Dear Martin Review

OMG my first review of an ARC guys! I feel like this is a milestone of some sort. Also, this is unrelated, but the only reason I was blessed to read this book was because of Amanda (@BookishInvasion on Twitter and @ABookishInvasion on Instagram) sending me her ARC as an early birthday present.

Before I get into the review, I want to share my funny story as to how I met the author, Nic Stone (@getnicced). I think we mutually followed each other on Twitter, but I had no idea who she was. While I was in line for the Adam Silvera/Becky Albertalli signing in January (on his History is All You Left Me tour), my friend and I were standing next to the most gorgeous person I had ever seen. So much so that my friend and I (embarrassingly) gushed over our disbelief that she was a mother. Here, we were still convinced she wasn’t far out of high school.

That night, she tweeted about the experience and I (being me) was like AYE THAT WAS ME THO and the rest is history. Every time I see my fave, we take our celebratory selfie (albeit kind of difficult since I’m short as hell and she’s tall like a goddess).

And I also later jokingly tweeted that someone should buy me her book, Dear Martin, since its launch date is pretty close to my birthday. Let me tell y’all, I was so shook when she DMed me and asked for my address. She sent me the confirmation and everything. So I have an official copy coming in on October 17 (YAY). Still gonna buy like 289094 copies though. Y’all should too.

Since this anecdote has gone on long enough, time for my review.

Rating: 5++++/ 5 stars

This book is short, sweet, and to the point. It calls into question our attitudes surrounding the racial inequalities we still have to deal with in the twenty-first century. Justyce’s story shows that you can do everything right, nothing wrong, and the world will still try to keep you down. But he also shows that we can’t let them win.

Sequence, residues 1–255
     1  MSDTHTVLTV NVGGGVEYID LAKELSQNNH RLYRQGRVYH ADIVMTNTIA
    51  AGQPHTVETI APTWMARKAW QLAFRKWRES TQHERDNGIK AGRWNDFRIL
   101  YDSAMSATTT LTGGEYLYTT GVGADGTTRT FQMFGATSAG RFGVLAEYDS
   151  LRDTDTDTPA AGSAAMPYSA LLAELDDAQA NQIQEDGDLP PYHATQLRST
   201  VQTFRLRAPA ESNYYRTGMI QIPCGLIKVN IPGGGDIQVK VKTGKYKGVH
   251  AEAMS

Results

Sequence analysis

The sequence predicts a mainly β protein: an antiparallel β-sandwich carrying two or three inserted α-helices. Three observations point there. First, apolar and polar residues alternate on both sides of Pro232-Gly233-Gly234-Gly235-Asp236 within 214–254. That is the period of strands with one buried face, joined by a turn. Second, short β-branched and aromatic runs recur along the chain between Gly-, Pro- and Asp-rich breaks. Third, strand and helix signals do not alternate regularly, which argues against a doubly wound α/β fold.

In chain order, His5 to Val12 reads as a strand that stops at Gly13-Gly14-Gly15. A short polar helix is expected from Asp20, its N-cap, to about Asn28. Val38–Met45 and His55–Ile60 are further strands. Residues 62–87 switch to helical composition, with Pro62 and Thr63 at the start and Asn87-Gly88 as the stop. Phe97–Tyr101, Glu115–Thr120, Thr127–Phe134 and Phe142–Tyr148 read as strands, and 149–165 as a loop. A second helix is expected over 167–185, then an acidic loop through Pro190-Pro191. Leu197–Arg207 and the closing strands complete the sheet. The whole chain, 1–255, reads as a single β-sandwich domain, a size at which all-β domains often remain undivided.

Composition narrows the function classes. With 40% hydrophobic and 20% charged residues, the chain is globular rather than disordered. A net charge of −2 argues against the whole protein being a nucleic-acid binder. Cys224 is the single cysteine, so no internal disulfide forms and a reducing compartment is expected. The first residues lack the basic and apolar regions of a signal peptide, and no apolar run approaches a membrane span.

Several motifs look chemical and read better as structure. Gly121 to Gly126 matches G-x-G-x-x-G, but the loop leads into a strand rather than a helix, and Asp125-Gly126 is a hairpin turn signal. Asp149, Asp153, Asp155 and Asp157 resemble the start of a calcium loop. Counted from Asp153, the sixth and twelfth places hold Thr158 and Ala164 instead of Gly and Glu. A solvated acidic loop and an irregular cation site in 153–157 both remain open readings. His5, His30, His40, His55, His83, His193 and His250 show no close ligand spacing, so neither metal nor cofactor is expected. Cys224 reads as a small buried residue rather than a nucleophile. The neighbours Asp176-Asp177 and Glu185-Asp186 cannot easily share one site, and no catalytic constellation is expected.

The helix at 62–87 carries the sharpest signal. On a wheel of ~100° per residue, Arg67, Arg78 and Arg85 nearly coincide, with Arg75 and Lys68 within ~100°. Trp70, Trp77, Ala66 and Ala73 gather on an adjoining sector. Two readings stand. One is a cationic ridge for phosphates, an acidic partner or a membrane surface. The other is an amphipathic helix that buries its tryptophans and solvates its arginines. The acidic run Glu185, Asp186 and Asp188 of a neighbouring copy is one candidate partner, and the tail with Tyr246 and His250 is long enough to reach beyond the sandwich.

I loved all of the characters, especially Sarah-Jane Friedman (I swear there’s someone/something in publishing with that name…) she called out things she knew weren’t fair regarding race and gender issues, while still recognizing her privilege at the same time.

My honest-to-god favorite part of the book is Justyce’s first letter to Dr. King. I can’t even describe what it did to me when I read it. Seriously, just read it.

Another thing I love is when books are based in places I actually know (ATL baby), and I felt a special kind of connection there. (I got two friends at Spelman too ayeee)

I’m going to tell y’all a little bit about me so that you kinda get where I’m coming from when I say things. I am not black, and I have no idea what it is like to be black – let’s make that clear. As a Vietnamese-Laotian female, I have no idea what it’s like to have to be cautious or be scared of anybody – relatively speaking. But where I live, and where I’ve grown up is a primarily black area; they are my friends, my classmates, my family. I go to a STEM magnet school where about 70% of us are POC (mostly black). After all of the tragedy in recent years, and after reading The Hate U Give by Angie Thomas (another amazing book), I began to really fear and feel for all of my fellow schoolmates. It began to feel so real to me. I remember looking around the class and thinking, None of them deserve to die. I almost cried reading these books.

I remember one time, I was meeting some friends at the movies, and one of them got there early. He’d recently had surgery for a shoulder problem, and so his arm was in a sling. But standing at over six-and-a-half feet tall, I knew he would look threatening to somebody. I. Feared. For. Him. I texted him frantically to stay where he was until I could get there.

I say all this to say that not only is Dear Martin well-written, relevant, and staggering, it is required reading. By all means, use it to fuel your discussions, empower yourself as well as others, and maybe, just maybe try for change. This is my favorite book of 2017, without question. It was everything I wanted and expected and more. I will recommend this til the end of time.

(Also, Be Like Martin? More like #BLM)

Buy it here:


Barnes and Noble



Google Play


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